Ultra runner Robbie Britton: 'I plan to run 600K across Lake Baikal in Russia!'

We chat to Team GB 24-hour ultra runner Robbie Britton about recovery, unique challenges, running kit and setting his sights on racing across frozen lakes in Russia.

Ultra runner Robbie Britton: 'I plan to run 600K across Lake Baikal in Russia!'

Currently recovery from knee surgery in The Alps, ultra runner Robbie Britton is reflective about his injury. ‘I’ve been easing back into running but the environment is not allowing much running. It’s -10 here; there’s a shed-load of snow and it’s ski season. As I live in France it’s been good to have enforced rest because if I was in the UK, I’d be smashing it.’

Despite recent setbacks, Britton has high hopes for the future. ‘I’ve got the world 24-hour Championships in July so I have six months to get back to fitness,’ he says. ‘I’m not going to rush it, if I have to watch and be a cheerleader then that’s what I’ll do, but the main goal is the 24-hour championships.’

Injury has had a positive impact on Britton’s mindset. ‘It would be boring if you were at the top of your game all the time,’ he explains. ‘There’s so much more to learn; so much more growth to be had. When my knee was bad and when I had the surgery, it made me appreciate how much I want certain goals. I want to win the World Championships.

‘It made me think about the times you’re making sacrifices and you’re working hard and in reality, you could be working harder and could be making more sacrifices,’ he adds. ‘The value it brings to my life was reinforced by having it potentially taken away.’

Strength training

Enforced rest has also forced Britton to reevaluate his fitness. ‘Having worked my nuts off on the core-strength and stability working muscles in the last month, I’ve realised that’s something that everyone neglects.’

Britton believes all runners would benefit from strength work. ‘You’ve only got to do 20 minutes, twice a week and that’s something that can improve your running,’ he argues. ‘Say that to the average runner, and they’ll say, “I haven’t got 20 minutes”. You spend at least two hours a week on Facebook, and that’s being conservative. You could spend 20 minutes of that doing core exercises and you will be a better runner!’

Recovery has also given Britton time to plot his next adventure. ‘Even though I still love racing, due to reading lots of mountaineering books, now I want more of an element of risk,’ he says. ‘A lot of what we do now days is really, really safe, even 100-mile mountain races.

'If you fall over and graze your knee, they will bring a chopper in. It takes a little bit away from the adventure, when you’re only a phone call away from safety and you’re never really outside of your comfort zone. So I’ve been looking for a couple of adventures, where you really push it.’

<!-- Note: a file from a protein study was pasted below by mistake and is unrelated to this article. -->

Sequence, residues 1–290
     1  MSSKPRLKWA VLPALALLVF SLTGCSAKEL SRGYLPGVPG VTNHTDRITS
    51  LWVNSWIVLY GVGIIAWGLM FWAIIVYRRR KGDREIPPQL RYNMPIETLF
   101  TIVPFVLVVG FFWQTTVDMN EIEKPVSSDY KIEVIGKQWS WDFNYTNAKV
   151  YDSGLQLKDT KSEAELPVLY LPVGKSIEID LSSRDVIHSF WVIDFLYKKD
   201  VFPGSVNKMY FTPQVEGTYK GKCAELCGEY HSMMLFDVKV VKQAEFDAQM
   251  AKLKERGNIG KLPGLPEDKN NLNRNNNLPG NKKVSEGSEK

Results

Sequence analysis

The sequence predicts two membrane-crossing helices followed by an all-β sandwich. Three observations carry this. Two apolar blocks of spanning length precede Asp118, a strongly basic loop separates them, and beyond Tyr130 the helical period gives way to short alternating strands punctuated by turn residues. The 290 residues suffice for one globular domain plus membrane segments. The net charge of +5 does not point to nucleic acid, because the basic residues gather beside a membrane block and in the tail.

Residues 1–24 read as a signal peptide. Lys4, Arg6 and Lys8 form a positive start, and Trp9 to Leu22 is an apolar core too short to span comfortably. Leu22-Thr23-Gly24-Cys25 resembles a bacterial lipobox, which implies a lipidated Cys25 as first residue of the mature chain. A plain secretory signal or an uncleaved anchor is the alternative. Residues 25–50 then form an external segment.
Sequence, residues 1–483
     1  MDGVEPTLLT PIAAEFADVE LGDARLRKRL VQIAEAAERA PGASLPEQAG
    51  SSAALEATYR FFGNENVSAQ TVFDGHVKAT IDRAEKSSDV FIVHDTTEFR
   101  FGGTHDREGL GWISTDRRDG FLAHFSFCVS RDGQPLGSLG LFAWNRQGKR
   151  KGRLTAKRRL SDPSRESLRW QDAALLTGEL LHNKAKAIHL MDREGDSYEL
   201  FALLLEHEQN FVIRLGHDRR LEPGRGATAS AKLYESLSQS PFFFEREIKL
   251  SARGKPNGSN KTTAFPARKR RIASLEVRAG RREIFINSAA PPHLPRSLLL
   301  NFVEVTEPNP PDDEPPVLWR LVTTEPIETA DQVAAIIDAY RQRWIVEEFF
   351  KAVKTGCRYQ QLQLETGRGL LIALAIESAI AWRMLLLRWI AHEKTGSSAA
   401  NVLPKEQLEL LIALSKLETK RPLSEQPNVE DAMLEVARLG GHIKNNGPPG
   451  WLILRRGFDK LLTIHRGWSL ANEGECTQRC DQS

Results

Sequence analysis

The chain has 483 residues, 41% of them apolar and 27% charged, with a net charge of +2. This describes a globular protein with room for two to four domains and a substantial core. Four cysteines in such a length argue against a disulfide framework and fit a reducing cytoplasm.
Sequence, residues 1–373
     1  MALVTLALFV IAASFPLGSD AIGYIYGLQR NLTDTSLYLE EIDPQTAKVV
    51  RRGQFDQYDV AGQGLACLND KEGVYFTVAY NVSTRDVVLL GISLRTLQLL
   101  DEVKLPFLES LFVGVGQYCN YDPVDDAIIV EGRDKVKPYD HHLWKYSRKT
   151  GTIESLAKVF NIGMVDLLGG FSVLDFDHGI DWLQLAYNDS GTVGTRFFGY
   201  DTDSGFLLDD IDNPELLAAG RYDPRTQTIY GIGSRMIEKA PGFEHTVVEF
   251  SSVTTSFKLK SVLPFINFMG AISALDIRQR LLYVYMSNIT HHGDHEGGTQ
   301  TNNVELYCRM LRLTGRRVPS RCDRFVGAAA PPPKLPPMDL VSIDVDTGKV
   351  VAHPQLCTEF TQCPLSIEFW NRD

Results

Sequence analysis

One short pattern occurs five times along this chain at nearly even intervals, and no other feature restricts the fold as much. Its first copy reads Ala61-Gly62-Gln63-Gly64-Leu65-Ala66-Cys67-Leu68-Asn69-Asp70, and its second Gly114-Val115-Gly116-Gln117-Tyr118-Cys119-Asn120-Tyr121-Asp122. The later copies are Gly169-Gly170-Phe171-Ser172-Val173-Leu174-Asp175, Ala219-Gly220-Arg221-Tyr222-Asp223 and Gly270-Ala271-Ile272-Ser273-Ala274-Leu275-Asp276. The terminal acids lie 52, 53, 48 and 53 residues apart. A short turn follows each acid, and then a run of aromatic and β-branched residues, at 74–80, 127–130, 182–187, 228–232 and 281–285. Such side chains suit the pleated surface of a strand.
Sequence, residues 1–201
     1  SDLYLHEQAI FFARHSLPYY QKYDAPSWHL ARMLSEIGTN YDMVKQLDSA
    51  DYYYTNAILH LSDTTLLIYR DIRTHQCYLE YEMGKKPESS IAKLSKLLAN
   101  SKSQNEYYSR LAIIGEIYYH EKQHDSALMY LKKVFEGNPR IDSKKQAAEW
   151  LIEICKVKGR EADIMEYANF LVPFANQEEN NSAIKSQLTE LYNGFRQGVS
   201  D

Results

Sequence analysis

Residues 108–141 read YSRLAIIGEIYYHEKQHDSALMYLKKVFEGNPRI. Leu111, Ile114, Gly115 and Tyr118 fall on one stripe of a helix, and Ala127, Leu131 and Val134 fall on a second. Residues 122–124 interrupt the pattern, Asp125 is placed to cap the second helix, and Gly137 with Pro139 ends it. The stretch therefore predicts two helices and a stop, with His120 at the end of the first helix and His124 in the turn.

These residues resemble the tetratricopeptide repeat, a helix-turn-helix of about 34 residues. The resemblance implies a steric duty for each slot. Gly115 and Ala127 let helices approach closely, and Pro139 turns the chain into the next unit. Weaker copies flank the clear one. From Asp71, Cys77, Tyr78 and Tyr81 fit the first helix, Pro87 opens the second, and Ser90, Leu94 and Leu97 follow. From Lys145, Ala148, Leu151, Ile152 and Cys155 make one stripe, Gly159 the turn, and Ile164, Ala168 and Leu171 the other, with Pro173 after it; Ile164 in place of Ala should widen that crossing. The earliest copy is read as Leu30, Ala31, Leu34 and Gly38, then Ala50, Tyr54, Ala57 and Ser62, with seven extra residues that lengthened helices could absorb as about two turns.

Time for a challenge

Britton has his sights set on a considerably riskier adventure. ‘I have been researching Lake Baikal in Russia,’ he enthuses. ‘It’s the biggest lake in the world. It has a third of the world’s fresh water in this one lake and in the winter months, it completely freezes over.

‘A chap called Ray Zahab and his mate set the record. They ran across it in 13 and a half days, their aim was to do it in 10. So I hope to run it in February 2018.’

Britton plans to use his TomTom GPS watch to map his route across the lake. ‘We’re not going to be away from the technology side of things. We wouldn’t be completely reckless and go out there with nothing. I want just a slight risk of seeing a bear! I’m ready for a big adventure.’

With up to two weeks on the ice, running across Lake Baikal would certainly be an adventure. ‘You sleep on the ice in a tent, temperatures drop to -40, with freezing winds, ice cracks, all this kind of thing!’ adds Britton.

‘You carry all your food and sleeping kit, so it’s going to be the next level. But I know that physically I could probably run 600K over 10 days, it’s flat so it’s doable. But there are so many elements that will be out of my control, including dealing with a temperature drop, but this adds to the extra unknown.’

Get the gadgets 

Britton uses a TomTom Adventurer for his long distance escapades. ‘It has a 24-hour battery life so it lasts for an ultra and a whole day in the mountains. For ultra runners, it’s all about what watch lasts the longest and the TomTom responded to that by making this top-end watch that lasts the distance.

‘I’m really enjoying my TomTom watch, it’s great for my lifestyle,’ he says. ‘When taking it on big adventures like the world 24-hour championships, I can use it alongside my heart rate monitor to check I’m not going too hard in the earlier stages. But also I use it for navigation and keeping it on throughout the run so we can make uploads each day and stuff like that.'

He also makes use of the music functionality. ‘I hadn’t used Bluetooth headphones before, but I got some for Christmas and they’re just so easy. Every time you go out the house – it’s easy to edit during your session you know, it’s all wireless.’

The TomTom Adventurer shares many of its features with the TomTom Runner 3, including breadcrumbs. ‘If you’re away for business and you decide you want to go for a little run in a new city – you can at any point press a button and the breadcrumb feature can get you back to where you started so you’re not going to get lost,’ explains Britton.

‘So, if you’re new to running and you’re a bit nervous about getting out and maybe getting lost, you can use that feature to get out – explore a new area – because we’re all about adventure! You don’t have to be in the Alps to have an adventure.’ 

For more info about the TomTom Runner 3 GPS watch, visit tomtom.com

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